Visa and immigration scammers are at it again! They are reportedly targeting gullible overseas people in Australia and duping them of their hard-earned money using novel and ingenious ways, or so it seems.
As per the Australian Competition and Consumer Commission (ACCC), some people are masquerading as immigration authorities in the nation and intimidating the overseas people in the country with exile. Given this, one needs to be on their guard against such unscrupulous elements.
It’s an open secret that there is no dearth of the migrants who could be having some issues with their visa status, and may be a little terrified due to it. They may be living in constant fear that they could be exiled and arrested before long.
There could be some others who could be having the right visa but they may not be sure if they have 100% legal rights to remain in the country due to lack of knowledge on the subject. And if such people are contacted by someone claiming to be from the Australian immigration body and asked to pay some money to avoid exile, they could accept, and in the process, become a victim.
Coming back to the latest news report, the scammers--who allegedly claim that they are the concerned authorities from the Australian immigration body--are also demanding money.
Reportedly, the ACCC has obtained as many as 300 reports about the scam with the preys having given 150,000 dollars in an effort to sort out issues they have been informed allegedly exist with their visas & formalities.
According to a concerned person from the ACCC, the scammers target the migrants & the temporary visa holders, asserting there are some issues with their immigration paperwork or visa position, and they require paying a charge to correct the trouble and keep away from exile.
The scammers over and over again collect personal details from social media, making the demands appear more legal. Recently, these scams have been becoming more imaginative, intimidating the capture of the near and dear ones, or claiming they have already been detained or kept in custody. The scammers demand money, via either iTunes gift cards or wire transfers.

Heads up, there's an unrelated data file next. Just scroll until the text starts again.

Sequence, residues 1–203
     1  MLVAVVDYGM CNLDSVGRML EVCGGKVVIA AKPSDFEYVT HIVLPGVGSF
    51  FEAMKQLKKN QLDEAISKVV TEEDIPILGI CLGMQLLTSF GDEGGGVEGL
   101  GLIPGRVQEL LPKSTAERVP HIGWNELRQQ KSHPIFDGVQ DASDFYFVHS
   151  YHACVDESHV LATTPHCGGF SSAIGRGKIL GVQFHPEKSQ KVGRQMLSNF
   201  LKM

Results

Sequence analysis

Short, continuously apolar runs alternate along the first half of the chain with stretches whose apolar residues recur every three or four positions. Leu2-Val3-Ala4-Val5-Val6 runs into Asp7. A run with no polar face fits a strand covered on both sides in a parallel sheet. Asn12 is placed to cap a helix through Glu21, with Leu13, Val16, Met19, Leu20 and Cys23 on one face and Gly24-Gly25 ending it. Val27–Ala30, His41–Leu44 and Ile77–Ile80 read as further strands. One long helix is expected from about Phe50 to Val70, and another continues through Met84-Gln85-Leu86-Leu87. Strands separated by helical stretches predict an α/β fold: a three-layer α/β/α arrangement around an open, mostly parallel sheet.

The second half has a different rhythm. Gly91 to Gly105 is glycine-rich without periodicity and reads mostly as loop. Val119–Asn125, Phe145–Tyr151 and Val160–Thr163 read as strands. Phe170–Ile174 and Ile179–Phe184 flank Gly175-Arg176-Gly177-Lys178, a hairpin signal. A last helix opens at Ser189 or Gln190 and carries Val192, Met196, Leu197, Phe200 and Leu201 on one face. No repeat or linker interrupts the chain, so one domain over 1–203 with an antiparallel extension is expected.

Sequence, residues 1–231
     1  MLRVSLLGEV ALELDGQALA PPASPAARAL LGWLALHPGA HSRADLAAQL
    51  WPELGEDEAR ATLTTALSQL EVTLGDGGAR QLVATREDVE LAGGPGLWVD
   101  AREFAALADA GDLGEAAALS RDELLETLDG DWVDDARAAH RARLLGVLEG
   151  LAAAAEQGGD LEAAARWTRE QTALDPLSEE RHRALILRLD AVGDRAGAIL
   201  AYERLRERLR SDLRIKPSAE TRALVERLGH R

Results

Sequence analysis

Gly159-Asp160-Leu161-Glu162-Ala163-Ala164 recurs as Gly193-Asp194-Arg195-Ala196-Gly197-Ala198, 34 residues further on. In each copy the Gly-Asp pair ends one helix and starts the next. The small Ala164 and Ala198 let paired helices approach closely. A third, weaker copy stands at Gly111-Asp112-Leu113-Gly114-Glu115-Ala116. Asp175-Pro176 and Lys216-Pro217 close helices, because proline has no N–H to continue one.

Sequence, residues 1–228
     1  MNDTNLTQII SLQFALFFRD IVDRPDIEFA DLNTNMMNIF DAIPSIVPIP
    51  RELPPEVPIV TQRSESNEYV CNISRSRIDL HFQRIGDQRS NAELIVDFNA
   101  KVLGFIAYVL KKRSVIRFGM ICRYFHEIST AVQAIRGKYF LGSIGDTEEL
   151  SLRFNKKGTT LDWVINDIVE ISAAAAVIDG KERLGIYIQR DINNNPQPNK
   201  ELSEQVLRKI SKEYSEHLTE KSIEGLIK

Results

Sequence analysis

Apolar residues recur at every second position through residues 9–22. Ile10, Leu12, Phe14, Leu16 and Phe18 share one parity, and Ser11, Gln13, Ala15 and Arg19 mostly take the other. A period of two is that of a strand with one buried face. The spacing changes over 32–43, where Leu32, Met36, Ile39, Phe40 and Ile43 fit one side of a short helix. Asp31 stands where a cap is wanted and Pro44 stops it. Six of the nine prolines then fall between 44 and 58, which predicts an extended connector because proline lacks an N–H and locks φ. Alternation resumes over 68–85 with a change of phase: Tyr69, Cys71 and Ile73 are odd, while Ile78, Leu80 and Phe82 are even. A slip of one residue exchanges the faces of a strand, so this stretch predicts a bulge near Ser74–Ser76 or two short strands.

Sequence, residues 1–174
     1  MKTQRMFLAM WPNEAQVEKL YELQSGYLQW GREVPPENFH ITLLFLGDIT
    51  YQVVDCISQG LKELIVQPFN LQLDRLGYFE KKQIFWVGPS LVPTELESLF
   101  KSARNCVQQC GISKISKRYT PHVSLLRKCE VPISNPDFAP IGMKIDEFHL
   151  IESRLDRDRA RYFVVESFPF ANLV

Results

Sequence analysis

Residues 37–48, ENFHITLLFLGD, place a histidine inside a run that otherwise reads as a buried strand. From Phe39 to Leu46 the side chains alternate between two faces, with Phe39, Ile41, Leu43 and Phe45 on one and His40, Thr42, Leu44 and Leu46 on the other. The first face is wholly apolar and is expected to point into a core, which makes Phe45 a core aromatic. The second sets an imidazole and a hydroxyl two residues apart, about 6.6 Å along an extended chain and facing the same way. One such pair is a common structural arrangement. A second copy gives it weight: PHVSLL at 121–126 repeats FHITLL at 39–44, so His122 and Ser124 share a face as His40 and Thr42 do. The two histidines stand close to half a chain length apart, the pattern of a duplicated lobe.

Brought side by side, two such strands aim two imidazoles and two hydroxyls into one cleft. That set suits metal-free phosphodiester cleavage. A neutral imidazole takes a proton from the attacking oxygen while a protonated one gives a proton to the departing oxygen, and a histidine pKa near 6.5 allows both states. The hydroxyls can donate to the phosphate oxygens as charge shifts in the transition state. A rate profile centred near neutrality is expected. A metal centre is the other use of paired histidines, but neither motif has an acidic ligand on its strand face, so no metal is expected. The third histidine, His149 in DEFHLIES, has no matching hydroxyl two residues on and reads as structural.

Scammers could allegedly make an effort to pressure people via calling continually and pestering them, even warning to send the police to their door steps.
The receivers of such calls should just disconnect and do not reply. In case they give their money to a scammer, they will never see it all over again.
The concerned person from the ACCC also indicated that the DIBP by no means will ask for either wire transfers or iTune cards as a mode of payment. She also advised that those who have some doubts, should not utilize any contact particulars shared by the caller, but look up the government body or organization themselves in the phone book or online, and either phone or e-mail them.
She added that the suggestion for the people, who get a phone call all of a sudden from someone pretending to be from the Department of Immigration and Border Protection (DIBP) or any government bureau informing that the receive will be exiled unless they give a fine, is to disconnect at once.
People would do well to separately get in touch with the DIBP directly in case they have any doubts, and not to employ any phone numbers, e-mail addresses or websites given by the caller. The right numbers may be either in the phone book or online search.
People should never send any money through wire transfer or any other means to anybody they do not know or have faith in, and in no way give personal details, bank account or credit card particulars over the phone unless they are 100% certain they are having a word with a trusted source, and they know why the person is calling them.
Those--who believe that they may have given their information to a scammer--ought to get in touch with their bank or financial establishment without delay, she concluded.